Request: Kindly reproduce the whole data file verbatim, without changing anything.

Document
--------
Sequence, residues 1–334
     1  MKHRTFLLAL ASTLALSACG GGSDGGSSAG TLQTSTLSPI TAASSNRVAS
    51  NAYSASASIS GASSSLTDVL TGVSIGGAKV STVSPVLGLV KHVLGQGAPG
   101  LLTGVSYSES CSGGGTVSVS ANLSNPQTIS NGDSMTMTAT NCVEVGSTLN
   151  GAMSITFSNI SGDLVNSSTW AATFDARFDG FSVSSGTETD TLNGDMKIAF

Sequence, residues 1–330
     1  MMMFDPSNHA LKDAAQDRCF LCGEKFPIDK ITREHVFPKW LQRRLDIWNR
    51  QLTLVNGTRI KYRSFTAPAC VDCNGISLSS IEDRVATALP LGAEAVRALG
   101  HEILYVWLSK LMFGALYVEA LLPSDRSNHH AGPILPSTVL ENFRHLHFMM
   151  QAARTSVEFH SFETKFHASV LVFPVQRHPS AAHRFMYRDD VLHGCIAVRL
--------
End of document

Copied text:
Sequence, residues 1–334
     1  MKHRTFLLAL ASTLALSACG GGSDGGSSAG TLQTSTLSPI TAASSNRVAS
    51  NAYSASASIS GASSSLTDVL TGVSIGGAKV STVSPVLGLV KHVLGQGAPG
   101  LLTGVSYSES CSGGGTVSVS ANLSNPQTIS NGDSMTMTAT NCVEVGSTLN
   151  GAMSITFSNI SGDLVNSSTW AATFDARFDG FSVSSGTETD TLNGDMKIAF

Sequence, residues 1–330
     1  MMMFDPSNHA LKDAAQDRCF LCGEKFPIDK ITREHVFPKW LQRRLDIWNR
    51  QLTLVNGTRI KYRSFTAPAC VDCNGISLSS IEDRVATALP LGAEAVRALG
   101  HEILYVWLSK LMFGALYVEA LLPSDRSNHH AGPILPSTVL ENFRHLHFMM
   151  QAARTSVEFH SFETKFHASV LVFPVQRHPS AAHRFMYRDD VLHGCIAVRL